Last year, I took a great trip through Italy and, after other family members went back to work, my wife and I headed for Venice. It was in May prior to tourist season so the weather was great but the crowds were not oppressive.
One day after breakfast, we strolled from the hotel and were headed for a vaporetto (water taxi). As we passed a bakery, we stopped and decided which of the luscious treats that we might buy. In the bakery, I spotted a distinguished looking man holding court with a few cronies. Imperially trim, he had on a perfectly cut Milanese suit and a shirt with the distinctive Turnbull & Asser collar that I can spot from a mile away. Also, in one hand he had an Italian pastry and, in the other a flute of prosecco. To myself, I thought, that guy knows how to live. It was about 10:45 in the morning.
The next day we passed the same bakery at roughly the same time and saw him again with two new companions. He was impeccably turned out and was also again munching on a sweet and had a prosecco in hand as well. The following morning we had to leave the unique floating city but passed by the bakery on the way to the vaporetto to take us back to our rental car. He was not there and I assumed he was stuck in a boring meeting as many of us are apt to be at 11 am. As our vaporetto was taking off, I saw the Dapper Dan hop on to the back of the water bus. He was carrying a slim attache case and seem to know several people on board and engaged in some very animated conversations punctuated by lots of laughter. A few stops later I looked up and noticed that he was gone.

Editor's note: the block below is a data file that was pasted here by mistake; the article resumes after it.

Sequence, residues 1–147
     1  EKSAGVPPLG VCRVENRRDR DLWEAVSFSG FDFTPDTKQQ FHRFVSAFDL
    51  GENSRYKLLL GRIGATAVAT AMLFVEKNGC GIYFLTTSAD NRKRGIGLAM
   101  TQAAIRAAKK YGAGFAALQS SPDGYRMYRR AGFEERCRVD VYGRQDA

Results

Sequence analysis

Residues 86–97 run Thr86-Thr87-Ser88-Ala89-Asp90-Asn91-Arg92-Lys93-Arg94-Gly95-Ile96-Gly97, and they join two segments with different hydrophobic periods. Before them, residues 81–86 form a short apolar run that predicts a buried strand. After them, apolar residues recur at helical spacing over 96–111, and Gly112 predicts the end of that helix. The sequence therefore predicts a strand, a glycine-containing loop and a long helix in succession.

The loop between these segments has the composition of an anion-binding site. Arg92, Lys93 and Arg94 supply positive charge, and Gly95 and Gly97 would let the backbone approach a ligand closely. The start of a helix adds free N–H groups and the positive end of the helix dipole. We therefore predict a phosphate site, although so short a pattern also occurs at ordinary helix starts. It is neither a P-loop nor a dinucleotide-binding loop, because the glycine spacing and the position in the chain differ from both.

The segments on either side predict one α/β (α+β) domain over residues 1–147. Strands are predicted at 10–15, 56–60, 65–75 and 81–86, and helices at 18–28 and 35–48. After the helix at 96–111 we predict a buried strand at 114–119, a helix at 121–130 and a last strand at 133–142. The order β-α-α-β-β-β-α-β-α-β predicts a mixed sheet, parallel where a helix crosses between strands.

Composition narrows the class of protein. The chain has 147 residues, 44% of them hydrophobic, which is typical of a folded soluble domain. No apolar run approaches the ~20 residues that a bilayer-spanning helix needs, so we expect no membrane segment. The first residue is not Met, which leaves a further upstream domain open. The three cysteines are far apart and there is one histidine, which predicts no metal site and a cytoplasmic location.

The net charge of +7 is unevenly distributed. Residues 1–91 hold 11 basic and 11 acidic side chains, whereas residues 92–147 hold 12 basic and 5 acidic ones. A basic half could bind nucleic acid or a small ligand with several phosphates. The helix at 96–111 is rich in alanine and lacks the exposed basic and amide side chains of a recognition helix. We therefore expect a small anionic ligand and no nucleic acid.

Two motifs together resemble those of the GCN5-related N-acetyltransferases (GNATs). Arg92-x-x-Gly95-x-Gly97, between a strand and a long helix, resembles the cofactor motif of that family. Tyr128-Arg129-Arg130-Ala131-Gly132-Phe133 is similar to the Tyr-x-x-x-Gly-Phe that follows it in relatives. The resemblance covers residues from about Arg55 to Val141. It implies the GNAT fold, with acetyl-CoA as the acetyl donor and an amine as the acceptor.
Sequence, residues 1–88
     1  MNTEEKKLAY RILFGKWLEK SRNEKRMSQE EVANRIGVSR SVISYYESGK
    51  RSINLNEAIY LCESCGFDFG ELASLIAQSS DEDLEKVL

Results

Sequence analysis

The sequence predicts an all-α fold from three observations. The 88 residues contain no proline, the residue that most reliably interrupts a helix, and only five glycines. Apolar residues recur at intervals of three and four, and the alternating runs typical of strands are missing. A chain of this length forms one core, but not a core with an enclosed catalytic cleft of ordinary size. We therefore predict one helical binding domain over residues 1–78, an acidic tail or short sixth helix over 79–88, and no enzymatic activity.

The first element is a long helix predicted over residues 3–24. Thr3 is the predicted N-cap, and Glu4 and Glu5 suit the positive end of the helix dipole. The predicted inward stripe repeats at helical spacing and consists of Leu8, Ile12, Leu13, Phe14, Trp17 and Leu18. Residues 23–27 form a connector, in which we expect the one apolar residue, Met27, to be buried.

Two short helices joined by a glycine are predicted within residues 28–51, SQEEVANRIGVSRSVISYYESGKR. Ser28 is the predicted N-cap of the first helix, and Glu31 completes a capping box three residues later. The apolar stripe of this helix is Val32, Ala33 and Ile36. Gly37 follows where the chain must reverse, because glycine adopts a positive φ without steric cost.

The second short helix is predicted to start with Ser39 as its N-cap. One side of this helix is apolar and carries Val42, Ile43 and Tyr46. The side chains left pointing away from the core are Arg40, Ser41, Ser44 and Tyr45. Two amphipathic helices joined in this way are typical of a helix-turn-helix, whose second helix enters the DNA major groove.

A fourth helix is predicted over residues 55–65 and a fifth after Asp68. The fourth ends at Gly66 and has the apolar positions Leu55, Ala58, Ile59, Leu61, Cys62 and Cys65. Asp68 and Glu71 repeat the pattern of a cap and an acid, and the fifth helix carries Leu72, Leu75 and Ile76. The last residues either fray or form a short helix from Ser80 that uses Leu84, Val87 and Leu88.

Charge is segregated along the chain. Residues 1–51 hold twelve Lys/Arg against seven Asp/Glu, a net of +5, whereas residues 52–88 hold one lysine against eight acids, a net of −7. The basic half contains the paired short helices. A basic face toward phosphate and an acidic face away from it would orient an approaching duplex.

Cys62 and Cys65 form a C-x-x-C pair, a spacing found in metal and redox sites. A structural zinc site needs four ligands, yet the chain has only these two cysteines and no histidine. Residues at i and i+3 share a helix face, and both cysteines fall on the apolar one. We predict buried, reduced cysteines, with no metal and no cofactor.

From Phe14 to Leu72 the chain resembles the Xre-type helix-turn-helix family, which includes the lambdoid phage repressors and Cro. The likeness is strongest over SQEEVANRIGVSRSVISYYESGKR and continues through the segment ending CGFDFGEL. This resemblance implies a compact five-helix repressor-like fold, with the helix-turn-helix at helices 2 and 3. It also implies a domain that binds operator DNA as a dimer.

I found it striking in many ways. It is a big world out there with about 7.1 billion people. Of the 200 countries on earth, each has a distinct culture. And, within many countries there are unique places such as Venice and unusual individuals such as the mystery man I have described.
Americans can learn something from this. No, I am not going to say that we waste our lives chasing money or conforming to corporate straightjackets. It is simply that as marketers we must step outside ourselves as Americans and remember that few people think, act or live as we do. There are many paths up the mountain to happiness. This is a huge advantage from my viewpoint that the advertising holding companies have over domestic shops. They have seasoned people on the ground all over the globe. These pros are familiar with local likes, dislikes and taboos. I recently had a conversation with a marketer who said that he was going to roll his successful US advertising campaign to 22 countries next year. He felt customizing it locally was an unnecessary expenditure. When I used my Venetian lawyer (financier, realtor, playboy?) as an example of how others think and live differently, he said, “The guy sounds like a drunk to me if he is drinking that soon in the day.” I wish my acquaintance well but his type of American marketing arrogance usually ends badly.
It is a big world out there. Take note, adapt to it, and revel in it!
If you would like to contact Don Cole directly, you may reach him at email@example.com